100th International Women’s Day

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As the father of two daughters, you do wonder what the future holds for them. I am more than aware that while my son may not have the same hurdles in his way as they do, but my wish for all three is simple – that they can achieve the best in life for themselves.

Today we celebrate the one hundredth anniversary of International Women’s Day and in many ways it’s sad that we even need these days – it automatically assumes that there is a difference between the sexes that must be sorted. And before the idiots make a noise, I would say the same about International Men’s Day on November 19th. Surely today we should be living in a society where there are no barriers because of gender, but we know that there are in developed counties across the world never mind the continued persecution, belittling and misogyny of many developing nations.

Without ignoring those developing countries we should do more at home to sort out the parity between males and females here at home. One of the first things I would like to see – and I blogged about this before – is strong role models for young girls. I’d rather my daughter looked up to Emma Watson that any Kardashian or Jenner – when is this obsession with vacuousness, talentless, narcissistic celebrity going to end? Let’s start holding Laura Trott, Michelle Obama, Dorcas Muthoni, Kirsty Wark, Katherine Ryan, Mary Beard, Malala, Laura Kuenssberg, JK Rowling, Angela Merkel and other strong successful women in all different fields up for our daughters to see and admire. Just because you’ve filmed a sex tape, ghost written a dozen terrible books or have married someone famous does not make you someone to look up to.

Another thing society needs to sort out is wages. Today there was an article saying that University of Aberdeen had a wide gap in pay levels between the sexes – how can this be? Consider that girls consistently outperform boys in school yet they earn around a fifth less in the workplace for the same jobs. It can’t be beyond the wit of HR departments across the world to sort this one out.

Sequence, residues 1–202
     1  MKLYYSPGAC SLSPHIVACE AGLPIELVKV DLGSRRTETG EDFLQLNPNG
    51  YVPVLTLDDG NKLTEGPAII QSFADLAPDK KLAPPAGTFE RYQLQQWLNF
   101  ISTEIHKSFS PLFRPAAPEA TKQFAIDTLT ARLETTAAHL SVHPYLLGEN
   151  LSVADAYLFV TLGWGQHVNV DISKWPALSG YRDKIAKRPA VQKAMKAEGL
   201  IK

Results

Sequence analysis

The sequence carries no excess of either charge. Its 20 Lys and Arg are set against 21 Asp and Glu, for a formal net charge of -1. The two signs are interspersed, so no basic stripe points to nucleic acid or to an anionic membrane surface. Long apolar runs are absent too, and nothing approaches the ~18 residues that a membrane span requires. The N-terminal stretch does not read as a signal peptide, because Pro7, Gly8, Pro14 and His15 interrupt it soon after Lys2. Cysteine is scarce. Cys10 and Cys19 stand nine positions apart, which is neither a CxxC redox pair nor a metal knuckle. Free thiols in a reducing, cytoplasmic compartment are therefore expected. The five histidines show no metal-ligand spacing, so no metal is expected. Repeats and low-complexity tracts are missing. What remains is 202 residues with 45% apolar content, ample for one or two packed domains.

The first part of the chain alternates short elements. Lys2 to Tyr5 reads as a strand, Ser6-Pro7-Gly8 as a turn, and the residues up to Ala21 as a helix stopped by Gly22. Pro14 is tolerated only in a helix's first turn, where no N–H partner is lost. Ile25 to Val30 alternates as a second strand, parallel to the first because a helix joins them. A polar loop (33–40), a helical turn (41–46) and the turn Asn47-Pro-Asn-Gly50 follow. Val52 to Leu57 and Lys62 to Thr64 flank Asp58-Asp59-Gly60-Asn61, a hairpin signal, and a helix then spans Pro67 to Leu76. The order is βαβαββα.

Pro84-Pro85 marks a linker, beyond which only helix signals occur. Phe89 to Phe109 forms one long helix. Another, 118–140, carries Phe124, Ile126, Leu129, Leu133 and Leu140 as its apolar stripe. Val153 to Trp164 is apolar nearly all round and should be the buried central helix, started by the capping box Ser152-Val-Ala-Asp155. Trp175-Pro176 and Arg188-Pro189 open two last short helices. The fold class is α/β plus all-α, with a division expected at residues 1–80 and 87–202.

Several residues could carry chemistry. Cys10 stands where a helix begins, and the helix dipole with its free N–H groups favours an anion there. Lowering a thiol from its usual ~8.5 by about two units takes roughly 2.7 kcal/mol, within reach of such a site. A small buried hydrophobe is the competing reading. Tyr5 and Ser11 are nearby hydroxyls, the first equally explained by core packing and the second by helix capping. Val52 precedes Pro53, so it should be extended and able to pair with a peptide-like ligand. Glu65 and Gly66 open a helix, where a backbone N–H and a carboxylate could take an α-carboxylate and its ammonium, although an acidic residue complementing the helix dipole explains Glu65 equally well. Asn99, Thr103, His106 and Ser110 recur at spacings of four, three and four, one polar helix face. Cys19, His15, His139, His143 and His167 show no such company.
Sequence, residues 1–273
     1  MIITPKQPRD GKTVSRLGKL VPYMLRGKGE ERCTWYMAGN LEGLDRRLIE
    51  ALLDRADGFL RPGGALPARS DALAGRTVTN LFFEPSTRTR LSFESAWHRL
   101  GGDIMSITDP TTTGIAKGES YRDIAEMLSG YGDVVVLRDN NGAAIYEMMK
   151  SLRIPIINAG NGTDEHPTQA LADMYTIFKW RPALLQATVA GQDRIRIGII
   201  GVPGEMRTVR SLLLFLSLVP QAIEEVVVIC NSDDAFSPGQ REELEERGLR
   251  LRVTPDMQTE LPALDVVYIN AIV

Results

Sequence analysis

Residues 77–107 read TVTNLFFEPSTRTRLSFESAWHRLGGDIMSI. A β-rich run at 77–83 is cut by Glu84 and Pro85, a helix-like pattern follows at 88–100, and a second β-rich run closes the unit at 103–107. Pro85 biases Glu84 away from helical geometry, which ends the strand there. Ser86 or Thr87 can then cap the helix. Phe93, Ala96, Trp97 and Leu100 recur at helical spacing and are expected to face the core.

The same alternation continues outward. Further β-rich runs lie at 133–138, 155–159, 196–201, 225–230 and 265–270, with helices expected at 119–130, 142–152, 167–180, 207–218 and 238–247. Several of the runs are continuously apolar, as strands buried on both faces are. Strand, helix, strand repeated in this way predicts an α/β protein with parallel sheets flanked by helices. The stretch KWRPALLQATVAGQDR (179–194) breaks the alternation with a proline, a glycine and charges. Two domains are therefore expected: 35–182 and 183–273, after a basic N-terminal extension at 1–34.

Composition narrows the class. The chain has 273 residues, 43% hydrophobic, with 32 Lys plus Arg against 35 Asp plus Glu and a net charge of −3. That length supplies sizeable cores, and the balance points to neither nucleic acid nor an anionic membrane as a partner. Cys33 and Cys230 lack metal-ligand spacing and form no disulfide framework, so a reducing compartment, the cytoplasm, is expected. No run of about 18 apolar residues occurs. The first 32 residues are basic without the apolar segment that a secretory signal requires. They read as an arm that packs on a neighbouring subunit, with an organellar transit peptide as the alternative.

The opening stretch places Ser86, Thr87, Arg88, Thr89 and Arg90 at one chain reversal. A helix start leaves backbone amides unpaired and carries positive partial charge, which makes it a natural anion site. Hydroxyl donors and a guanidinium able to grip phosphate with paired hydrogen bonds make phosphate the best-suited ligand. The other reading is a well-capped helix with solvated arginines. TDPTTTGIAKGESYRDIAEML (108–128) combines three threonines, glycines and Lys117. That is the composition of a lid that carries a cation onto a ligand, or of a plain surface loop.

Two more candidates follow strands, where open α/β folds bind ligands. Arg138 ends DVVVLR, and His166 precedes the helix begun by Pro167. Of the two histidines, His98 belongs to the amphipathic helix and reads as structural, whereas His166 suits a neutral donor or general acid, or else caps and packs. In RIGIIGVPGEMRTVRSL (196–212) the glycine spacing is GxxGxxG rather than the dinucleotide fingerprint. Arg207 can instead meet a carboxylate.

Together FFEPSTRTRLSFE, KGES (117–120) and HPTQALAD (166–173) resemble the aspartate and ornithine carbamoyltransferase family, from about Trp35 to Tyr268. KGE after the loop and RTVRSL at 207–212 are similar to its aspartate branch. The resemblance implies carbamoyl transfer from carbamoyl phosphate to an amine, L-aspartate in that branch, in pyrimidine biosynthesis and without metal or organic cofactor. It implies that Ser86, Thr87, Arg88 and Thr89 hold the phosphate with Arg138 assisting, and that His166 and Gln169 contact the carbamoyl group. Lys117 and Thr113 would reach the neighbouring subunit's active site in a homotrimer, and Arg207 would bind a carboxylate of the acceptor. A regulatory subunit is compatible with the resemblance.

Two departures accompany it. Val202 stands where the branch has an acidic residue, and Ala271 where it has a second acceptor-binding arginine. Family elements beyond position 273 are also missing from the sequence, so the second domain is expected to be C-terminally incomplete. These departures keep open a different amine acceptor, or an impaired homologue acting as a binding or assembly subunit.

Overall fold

Within education there are constant drives to push girls towards the “STEM” subjects – Science, Technology, Engineering and Maths – and while it is good in some ways there needs to be a different approach here. Positive discrimination is not something I particularly like. I’d rather we just opened all these subjects as wide as we can, looking at the successes and skills required, ensuring timetables further down the school were unbiased and all kids were taught these skills. With the current narrowing of the curriculum – especially in Scotland – you automatically limit the likelihood of girls choosing the subjects further on in their educational journey. I don’t believe you will ever have a 50/50 split of male and female in these subjects but ensuring the door isn’t closed is more important.

I also want society to stop looking at women negatively for choosing to stay at home and raise their family. I would argue that this is something done more by other women than men. The idea that “Superwomen” can really do it all has been a stick with which to beat women for the last couple of decades. Some women choose to both work and raise a family, others prioritize with more men staying at home. If you have a family and one parent stays at home to look after the kids then they are performing a great service to the family unit and regardless of gender they should be celebrated and valued. Bringing up a family is not an easy job and shouldn’t be seen as a second class job in society.

In the same vein, women who choose to – or have to – work should be made to feel bad that they are putting their kids into nurseries or having grandparents look after them. For a woman to want her own career and a family is not a contradiction. If you can do it I applaud you, but I also applaud all the women who want to work and build a career and not have kids. There is a disproportionate pressure on women to reproduce and it’s not something ever asked of men. I think men see this a threat to their domination of the boardrooms – a woman who only wants to focus on work and not take time off? Really, how dare they!

As I mentioned at the top, I have two daughters and when I look at the world and their future in it there is only one thing I want for them is to be afforded every opportunity regardless of their gender. That is equality. Not pushing overtly feminist agendas; not using positive discrimination; not achieving only because they are girls; but because they are good enough and every door is open to them. I want all three of my children to achieve their best regardless of their gender. We will support them in their choices, successes, failures and ambitions – not because they are male or female – but because I love them.

JD

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